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OPINION: The COVID-19 pandemic is the best and worst of times for animals

What is the state of animal welfare more than a year into the crisis?
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This article, written by Kendra Coulter, Brock University, originally appeared on The Conversation and has been republished here with permission:

Flashback one year ago to the early days of COVID-19, when tens of millions of people stared, transfixed, at the salacious Netflix docuseries Tiger King.

It was ostensibly about the colourful people who work with and display exotic animals. But it was really a dark portrait of human and animal abuse. The man known as Joe Exotic was convicted of 17 federal crimes against animals in the United States. Rarely has the plague of animal cruelty generated so much attention.

As we remained gripped in the pandemic’s claws, we began to pay more attention to the roles of animals in our own lives. Pet adoptions are up. Birding has increased. People struggling with the damaging effects of isolation and physical distancing are finding solace in animal family members. These kinds of animals comfort us. We want to be near them and to see them.

Yet reports of animal abuse have also increased. This may be, in part, because more people are at home and can watch and listen for the overt and subtle signs of animals being harmed nearby. It might be because people are more attuned to animals’ well-being. It’s also possible that there has in fact been an increase in abuse.

Enforcement patchwork

There is no consistent or comprehensive tracking of animal cruelty in Canada, and our enforcement patchwork compounds the problem. Around the country, animal cruelty investigations may be undertaken by charities, public animal protection officers, local police, provincial police, the RCMP, municipal animal care and control or some combination. As a result, it is difficult to paint a detailed picture of animal harm.

Some facets are clear. Many animal protection cases can be addressed through education and problem-solving. Investigators most often find people struggling, not purposefully endangering animals. These people need knowledge and help, not criminal charges.

There are also abhorrent cases of abuse we need to confront — first and foremost, to recognize animals’ pain. But animal abuse is often a red flag, a precursor to other crimes and damage.

Crucially, animal abuse can also be the window that exposes child and elder abuse and violence against women that is also taking place. Animal cruelty does not occur in a vacuum. This was painfully obvious in Tiger King. Animals are victims, but they are often not the only victims.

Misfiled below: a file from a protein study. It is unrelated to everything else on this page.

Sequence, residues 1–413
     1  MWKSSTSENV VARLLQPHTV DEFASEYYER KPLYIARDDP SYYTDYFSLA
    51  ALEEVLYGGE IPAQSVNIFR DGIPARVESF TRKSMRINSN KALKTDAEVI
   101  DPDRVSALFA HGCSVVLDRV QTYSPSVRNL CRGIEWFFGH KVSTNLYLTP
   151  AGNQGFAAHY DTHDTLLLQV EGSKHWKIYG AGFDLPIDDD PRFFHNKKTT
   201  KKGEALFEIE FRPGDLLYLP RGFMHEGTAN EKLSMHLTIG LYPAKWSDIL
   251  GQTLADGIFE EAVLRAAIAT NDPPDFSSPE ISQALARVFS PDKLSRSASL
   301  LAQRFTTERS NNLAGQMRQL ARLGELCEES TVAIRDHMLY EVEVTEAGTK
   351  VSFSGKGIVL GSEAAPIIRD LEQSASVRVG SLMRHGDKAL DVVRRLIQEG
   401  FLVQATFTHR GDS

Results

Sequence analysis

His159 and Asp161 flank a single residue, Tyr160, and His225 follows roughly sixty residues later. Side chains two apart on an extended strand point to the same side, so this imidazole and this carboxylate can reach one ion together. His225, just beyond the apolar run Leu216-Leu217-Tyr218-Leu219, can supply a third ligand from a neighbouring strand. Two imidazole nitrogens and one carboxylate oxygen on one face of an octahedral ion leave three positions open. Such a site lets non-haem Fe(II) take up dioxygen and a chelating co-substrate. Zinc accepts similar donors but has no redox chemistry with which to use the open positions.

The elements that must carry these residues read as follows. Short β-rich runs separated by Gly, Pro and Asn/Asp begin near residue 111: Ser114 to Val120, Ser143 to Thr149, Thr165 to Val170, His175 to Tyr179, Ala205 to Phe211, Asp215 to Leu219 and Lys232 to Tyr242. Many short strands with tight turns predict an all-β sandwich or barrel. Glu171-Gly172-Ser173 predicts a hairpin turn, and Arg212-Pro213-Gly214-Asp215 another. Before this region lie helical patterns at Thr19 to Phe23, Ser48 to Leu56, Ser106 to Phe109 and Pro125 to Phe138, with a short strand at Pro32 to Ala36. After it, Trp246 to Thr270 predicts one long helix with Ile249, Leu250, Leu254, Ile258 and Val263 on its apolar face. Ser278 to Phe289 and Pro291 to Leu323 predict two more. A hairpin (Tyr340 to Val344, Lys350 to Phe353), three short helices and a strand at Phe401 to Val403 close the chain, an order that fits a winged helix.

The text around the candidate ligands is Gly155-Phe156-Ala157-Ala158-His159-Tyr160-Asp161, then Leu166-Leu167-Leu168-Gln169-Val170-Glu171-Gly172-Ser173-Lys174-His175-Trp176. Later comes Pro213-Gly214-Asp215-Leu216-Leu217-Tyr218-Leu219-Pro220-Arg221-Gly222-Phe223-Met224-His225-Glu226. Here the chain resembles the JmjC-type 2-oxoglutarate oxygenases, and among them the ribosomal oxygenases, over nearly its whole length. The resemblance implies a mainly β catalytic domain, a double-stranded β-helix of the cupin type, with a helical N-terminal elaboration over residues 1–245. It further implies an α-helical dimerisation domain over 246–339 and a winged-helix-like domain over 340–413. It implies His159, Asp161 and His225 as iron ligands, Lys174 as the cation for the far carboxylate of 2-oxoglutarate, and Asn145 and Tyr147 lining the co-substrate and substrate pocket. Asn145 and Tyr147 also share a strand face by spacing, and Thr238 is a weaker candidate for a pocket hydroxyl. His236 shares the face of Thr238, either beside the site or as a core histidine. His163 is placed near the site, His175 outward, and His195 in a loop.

Chickens abused

Yet what we do and do not define as animal cruelty is also a symptom of a larger ailment. It is illegal to fight dogs and roosters. You cannot beat a dog or a chicken with a pole.

But you can burn the beaks off chickens and turkeys and it’s not only legal, it is seen as normal — and it’s done continuously to tens of millions of hens in the egg industry. The fact that this act is not defined as animal cruelty does not make it any less painful for the animals.

The real number of animals hurt by legalized cruelty is hard to fathom, as is the depth of their suffering.

And what about tigers, who captured so much of our attention one year ago?

People continue to recklessly import, circulate and display exotic animals of all sizes, including big cats, despite the damage this does to them, the health risks for humans and the growing calls for federal and provincial government action.

It has been a long year marked by both extraordinary compassion and dire callousness. We have opened our eyes, homes and minds to many of the wonders of other species. So are animals any better off?

The answer is that it depends. It is a mixed picture. And when it comes to animals, not only do we need to look and watch. We need to really see.The Conversation

Kendra Coulter, Chancellor's Chair for Research Excellence; Chair of the Labour Studies Department; Fellow of the Oxford Centre for Animal Ethics, Brock University

This article is republished from The Conversation under a Creative Commons license. Read the original article.

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